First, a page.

blackbirdonline journalSpring 2023  Vol. 21  No.3
an online journal of literature and the arts
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Zuihitsu of Los Angeles in Conversation with David Hockney

At 25, I dined with David Hockney in San Francisco. Owlish and attentive, he must’ve thought
I was the girl of a rich collector. Maybe I was.

A decade later I move to LA for want of the teal and blue ripple of Hockney’s pools. How the
light shimmers, surfacing potential.

I dive into the gaudy dance.
As if morning stirs a cocktail of rum and blue curaçao and the whole day lounges.


As if beckoning for a pool boy is enough
to live beyond the bus line of maids walking up the hills every morning. Men selling
bags of oranges on street corners. The squeeze of families into flats on the flats
somewhere in East LA.

Hockney’s Portrait of an Artist (Pool with Two Figures) sold for over $90 million.

The LA I know
is Schwarzenegger pumped up and oiled. Swagger in sweatpants. It’s 75 miles
of Pacific where the sun calls it quits every evening. It’s heady. It’s headstrong.

I will lose my head in LA. Fall in with the in. Let the sun burn a hole in my horizon. It’s impossible to see beyond the glint of cars on the 101. The distraction of light pooling at your feet.

My daughter plays with Steven Spielberg’s daughter. When I come to pick her up,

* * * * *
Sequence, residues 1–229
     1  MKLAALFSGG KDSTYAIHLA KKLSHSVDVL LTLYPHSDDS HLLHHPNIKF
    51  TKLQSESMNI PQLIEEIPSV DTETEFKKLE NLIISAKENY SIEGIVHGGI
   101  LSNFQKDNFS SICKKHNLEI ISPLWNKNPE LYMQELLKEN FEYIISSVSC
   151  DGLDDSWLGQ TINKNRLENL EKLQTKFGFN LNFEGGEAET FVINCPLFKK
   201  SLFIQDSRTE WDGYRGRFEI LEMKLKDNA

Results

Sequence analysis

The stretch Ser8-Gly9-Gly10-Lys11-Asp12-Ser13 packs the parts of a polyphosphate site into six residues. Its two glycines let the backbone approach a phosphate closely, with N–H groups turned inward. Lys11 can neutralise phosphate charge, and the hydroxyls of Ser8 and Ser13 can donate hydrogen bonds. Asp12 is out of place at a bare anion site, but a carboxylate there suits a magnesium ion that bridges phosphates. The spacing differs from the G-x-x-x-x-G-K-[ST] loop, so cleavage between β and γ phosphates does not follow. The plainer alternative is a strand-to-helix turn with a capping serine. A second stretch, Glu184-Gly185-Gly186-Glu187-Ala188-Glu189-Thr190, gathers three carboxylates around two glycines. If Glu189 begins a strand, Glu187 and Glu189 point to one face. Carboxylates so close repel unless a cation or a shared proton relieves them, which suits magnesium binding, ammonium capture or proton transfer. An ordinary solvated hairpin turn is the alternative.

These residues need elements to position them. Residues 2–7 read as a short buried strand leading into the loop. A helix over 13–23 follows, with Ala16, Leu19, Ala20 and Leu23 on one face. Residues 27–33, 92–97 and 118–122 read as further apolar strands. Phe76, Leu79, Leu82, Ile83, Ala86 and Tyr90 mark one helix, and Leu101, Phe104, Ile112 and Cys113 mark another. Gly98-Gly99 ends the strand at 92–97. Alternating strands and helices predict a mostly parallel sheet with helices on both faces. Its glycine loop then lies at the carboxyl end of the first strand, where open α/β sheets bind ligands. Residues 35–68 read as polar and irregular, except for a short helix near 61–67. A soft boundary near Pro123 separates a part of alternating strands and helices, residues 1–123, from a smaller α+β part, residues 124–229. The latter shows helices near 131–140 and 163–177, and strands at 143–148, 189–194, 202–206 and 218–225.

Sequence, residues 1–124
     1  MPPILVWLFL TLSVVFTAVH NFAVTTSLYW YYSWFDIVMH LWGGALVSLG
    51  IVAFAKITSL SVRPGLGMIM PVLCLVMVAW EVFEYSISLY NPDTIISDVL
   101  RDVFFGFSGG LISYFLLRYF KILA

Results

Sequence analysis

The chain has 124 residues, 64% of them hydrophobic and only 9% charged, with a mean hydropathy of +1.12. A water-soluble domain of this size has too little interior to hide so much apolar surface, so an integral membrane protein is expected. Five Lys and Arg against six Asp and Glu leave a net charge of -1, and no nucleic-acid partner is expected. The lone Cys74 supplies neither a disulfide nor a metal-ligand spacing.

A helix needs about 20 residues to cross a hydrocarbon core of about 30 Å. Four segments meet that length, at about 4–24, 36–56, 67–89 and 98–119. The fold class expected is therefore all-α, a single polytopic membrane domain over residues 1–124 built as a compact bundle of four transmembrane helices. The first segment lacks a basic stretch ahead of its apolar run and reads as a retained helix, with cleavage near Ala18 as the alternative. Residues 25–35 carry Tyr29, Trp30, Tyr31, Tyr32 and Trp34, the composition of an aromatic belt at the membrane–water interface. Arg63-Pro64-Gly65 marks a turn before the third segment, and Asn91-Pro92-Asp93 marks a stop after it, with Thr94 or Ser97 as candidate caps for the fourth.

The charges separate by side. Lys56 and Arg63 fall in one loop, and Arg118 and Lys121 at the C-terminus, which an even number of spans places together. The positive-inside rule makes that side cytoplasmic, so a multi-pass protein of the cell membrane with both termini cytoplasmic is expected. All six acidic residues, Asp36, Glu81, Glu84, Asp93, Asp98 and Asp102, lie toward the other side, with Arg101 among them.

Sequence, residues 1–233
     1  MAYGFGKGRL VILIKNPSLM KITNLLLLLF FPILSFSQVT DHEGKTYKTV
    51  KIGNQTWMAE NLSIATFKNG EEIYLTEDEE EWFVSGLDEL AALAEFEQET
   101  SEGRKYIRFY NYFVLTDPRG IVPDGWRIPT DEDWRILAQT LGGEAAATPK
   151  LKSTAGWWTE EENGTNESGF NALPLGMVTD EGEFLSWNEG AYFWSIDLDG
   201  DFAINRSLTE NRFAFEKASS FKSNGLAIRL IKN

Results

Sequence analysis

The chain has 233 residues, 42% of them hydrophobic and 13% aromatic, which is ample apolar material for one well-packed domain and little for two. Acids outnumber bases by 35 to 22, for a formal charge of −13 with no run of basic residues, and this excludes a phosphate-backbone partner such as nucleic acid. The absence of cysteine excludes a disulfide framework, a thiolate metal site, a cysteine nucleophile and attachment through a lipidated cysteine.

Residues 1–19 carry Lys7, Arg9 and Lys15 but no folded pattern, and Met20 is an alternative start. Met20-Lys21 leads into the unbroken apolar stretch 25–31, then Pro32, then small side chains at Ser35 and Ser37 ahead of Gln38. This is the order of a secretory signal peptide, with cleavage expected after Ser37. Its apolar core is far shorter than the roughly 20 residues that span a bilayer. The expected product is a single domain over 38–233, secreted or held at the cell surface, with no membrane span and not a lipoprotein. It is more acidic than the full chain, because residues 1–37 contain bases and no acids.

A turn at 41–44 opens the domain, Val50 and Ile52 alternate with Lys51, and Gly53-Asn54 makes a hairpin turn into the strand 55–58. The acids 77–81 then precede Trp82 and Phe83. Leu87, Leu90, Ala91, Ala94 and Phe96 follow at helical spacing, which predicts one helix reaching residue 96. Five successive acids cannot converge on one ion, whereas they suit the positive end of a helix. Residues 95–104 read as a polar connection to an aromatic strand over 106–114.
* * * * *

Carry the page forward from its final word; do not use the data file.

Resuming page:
he serves me an espresso.


With time, Hockney empties his pools of pink limbs, naked torsos, leaving just a splash or swimmers submerged, unseen.

The LA scene is buoyant with currency.
Yet, it’s easy to drown in LA—
like William Shatner’s first wife.

Our pool guy swirls his net, dragging for leaves before they clog the drain
and make that gagging sound.

Eventually Hockney erases the human form from his pool paintings.
In one, a bright fuchsia ring floats over the pool’s bubbled surface.
In others, a diving board looms, casting a shadow.
Then he quits the blue
to paint the green, green of Normandy.

I watch a woman snatch kumquats from a bush near my house.
On the sidewalk, I leave figs, lemons, avocados from my garden.
Come Halloween, white vans of costumed children from East LA arrive on our street.
We buy bags and bags of candy. It’s never enough.  

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